- Training for distribution utilities unaccustomed to having customers generate their own electricity
- streamlining the application and approval process
- creating certifications to ensure installer quality
- allowing rooftop solar systems to serve as back up power when the grid goes down.
Therefore any successful energy transition will require a broader change in the infrastructure and institutions that support renewables and India is significantly focused on it.
- Recently the government has asked NITI Aayog to study the automobile standards developed in China to use methanol as an alternative fuel.
- Methanol is made from natural gas, coal, and biomass. It is also known as wood alcohol.
Benefits of methanol :-
- Methanol is a promising fuel for waterways as it is clean, cheaper than fossil fuels and a good substitute for heavy fuels.
- Like Ethanol, Methanol is very good for blending with gasoline to replace the harmful octane enhancers
- The benefits of using Methanol are that it reduces emissions, which has a significant effect on bettering the environment.
- Methanol blended with gasoline significantly increases the performance of the automobile.
- It also has a lower risk of flammability than normal gasoline.
- it is made from domestically renewable sources.
- it can be made into hydrogen, which could be used as a link for hydrogen fuel cells.
- Methanol can be manufactured from a variety of carbon-based feedstocks, such as natural gas and coal.
- Although its emissions are safer than that of gasoline, it has a high amount of formaldehyde emissions.
- As with Ethanol, it gets less gas mileage, so it would require more frequent fueling. The cost of Methanol is also slightly higher than that of premium gasoline.
Reasons why India is comsidering manufacturing methanol from coal are:-
- Methanol economy will help India use its vast reserves of coal while driving import substitution.
- The need for clean fuel that can substitute fossil fuels, cut import cost and is cheap
- Methanol is a promising fuel which is also being used in the West as well as China
- To reduce pollution through alternative fuels
- India presently spends upto Rs 5 lakh crore on oil alone. It also imports methanol. To avoid this.
- Fossil fuel prices are highly volatile leading to inflationary or deflationary impact on India.
- `Fossil fuels are damaging the environment.
- Issue of coal seams accidents due to methane that can be lessened by methanol extraction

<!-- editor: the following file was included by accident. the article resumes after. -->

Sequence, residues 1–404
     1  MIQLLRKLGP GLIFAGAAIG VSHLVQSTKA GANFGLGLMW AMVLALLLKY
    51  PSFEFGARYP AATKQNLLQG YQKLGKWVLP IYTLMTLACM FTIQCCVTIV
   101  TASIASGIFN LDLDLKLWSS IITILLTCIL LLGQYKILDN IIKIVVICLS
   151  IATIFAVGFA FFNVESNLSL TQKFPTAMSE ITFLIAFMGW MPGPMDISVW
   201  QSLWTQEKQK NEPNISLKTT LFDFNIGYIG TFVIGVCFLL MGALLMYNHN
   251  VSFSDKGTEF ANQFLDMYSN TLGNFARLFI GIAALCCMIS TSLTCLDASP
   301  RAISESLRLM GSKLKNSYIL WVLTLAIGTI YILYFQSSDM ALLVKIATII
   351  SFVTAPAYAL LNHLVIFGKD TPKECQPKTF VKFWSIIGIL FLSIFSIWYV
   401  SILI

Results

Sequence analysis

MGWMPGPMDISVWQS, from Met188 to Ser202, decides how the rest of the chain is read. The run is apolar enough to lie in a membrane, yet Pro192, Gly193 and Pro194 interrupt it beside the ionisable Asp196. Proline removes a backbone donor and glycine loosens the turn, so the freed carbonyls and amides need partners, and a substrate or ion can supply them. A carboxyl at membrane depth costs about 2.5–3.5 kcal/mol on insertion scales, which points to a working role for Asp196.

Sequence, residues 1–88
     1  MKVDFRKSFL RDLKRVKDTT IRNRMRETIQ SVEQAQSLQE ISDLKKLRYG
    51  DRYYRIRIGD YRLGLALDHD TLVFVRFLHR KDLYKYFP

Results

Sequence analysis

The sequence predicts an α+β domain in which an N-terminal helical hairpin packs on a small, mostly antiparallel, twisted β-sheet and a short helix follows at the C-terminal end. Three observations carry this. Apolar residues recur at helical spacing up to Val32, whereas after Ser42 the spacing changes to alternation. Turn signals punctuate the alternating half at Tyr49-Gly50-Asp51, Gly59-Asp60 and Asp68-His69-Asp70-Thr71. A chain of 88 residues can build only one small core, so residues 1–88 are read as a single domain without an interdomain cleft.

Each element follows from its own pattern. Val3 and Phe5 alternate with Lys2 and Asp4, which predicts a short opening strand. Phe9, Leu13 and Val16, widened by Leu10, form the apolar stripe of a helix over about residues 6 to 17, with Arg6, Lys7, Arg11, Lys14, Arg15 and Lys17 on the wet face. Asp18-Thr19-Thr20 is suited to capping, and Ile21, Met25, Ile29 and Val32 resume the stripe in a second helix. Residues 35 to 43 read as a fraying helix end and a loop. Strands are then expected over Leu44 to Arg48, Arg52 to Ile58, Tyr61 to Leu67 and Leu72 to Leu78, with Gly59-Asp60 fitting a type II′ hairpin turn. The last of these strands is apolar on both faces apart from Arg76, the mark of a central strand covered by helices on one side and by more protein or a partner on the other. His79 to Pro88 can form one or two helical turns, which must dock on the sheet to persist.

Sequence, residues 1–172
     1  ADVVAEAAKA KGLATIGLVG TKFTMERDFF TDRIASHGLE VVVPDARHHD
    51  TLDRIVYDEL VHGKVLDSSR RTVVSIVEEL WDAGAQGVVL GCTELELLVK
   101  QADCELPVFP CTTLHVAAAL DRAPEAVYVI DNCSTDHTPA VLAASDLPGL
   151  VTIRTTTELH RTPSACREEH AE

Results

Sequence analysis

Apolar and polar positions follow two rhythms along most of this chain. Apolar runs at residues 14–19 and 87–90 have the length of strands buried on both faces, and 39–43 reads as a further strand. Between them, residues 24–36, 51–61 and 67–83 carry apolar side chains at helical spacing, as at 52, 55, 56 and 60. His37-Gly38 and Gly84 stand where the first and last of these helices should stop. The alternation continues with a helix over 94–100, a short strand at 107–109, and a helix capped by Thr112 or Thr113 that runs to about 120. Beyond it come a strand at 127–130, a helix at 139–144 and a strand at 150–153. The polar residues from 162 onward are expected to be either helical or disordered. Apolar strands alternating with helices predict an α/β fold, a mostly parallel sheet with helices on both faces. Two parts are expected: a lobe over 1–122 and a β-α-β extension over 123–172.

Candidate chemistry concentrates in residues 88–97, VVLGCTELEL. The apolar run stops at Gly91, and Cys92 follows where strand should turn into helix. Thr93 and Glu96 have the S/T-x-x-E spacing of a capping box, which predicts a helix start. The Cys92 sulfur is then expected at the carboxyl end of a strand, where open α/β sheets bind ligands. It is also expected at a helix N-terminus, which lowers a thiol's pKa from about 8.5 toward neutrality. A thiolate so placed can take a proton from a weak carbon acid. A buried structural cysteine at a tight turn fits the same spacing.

- India has vast reserves of coal.
- will also show India’s commitment to the SDG and Paris Climate accord.
So India is implementing a Pilot project for coal to methanol is in Talcher and with goverment’s effort and NITI Aayog’s planning the way ahead looks fruitful.Private sector companies like L&T and Volvo are being asked to make a road map to look into the feasibility and technical whereabouts involved.
- India’s Act East policy is based on increasing economic and cultural links to the East Asian nations. This is seen through increased involvement of India with ASEAN nations including Thailand which pronounced its first “Look West Policy” aiming at India and the rest of South Asia in 1996
Yes,the two policies have brought the two countries closer:-
- Both countries have historical and cultural relations
- Both countries have strong tourism linkage as people and high-level diplomatic visits who visit India and Thailand have helped in changing the perspectives of the native people
- Political relations have been warm and cordial. India got respect from Thailand’s people when PM of India paid condolences on demise of Thailand’s most loved King.
- Regular delegations from both sides have kept the relations strong.
- Eastern economic corridor provides opportunities for automative,aviation,smart electronics,digital economy etc.
- India’s ‘Make in India’, similarly ‘Thailand 4.0’ and Sufficiency Economic Philosophy (SEPs) to cover the Sustainable Development Goals (SDGs) show sharing of resources, ideas and reform experiences to establish a win-win partnership.
- India can learn good practices in development of tourism from Thailand which has world class tourist cities like Bangkok and Pattaya.
- With Thailand being a part of Golden triangle and India’s North east being vulnerable to narcotic trafficking, the close ties between the nations will help in solving the menace and will lead to overall development of north east region.
Geographical and connectivity:
- Connectivity linkage is building up by projects like India-Myanmar-Thailand Trilateral Highway
- Thailand is also part of BIMSTEC which will enhance cooperation with the country
- Thailand is part of many regional initiatives like ASEAN, BIMSTEC, ADC, RCEP etc and can provide a link to India to other countries because of its geography.
- Both have same stand when it comes to terrorism.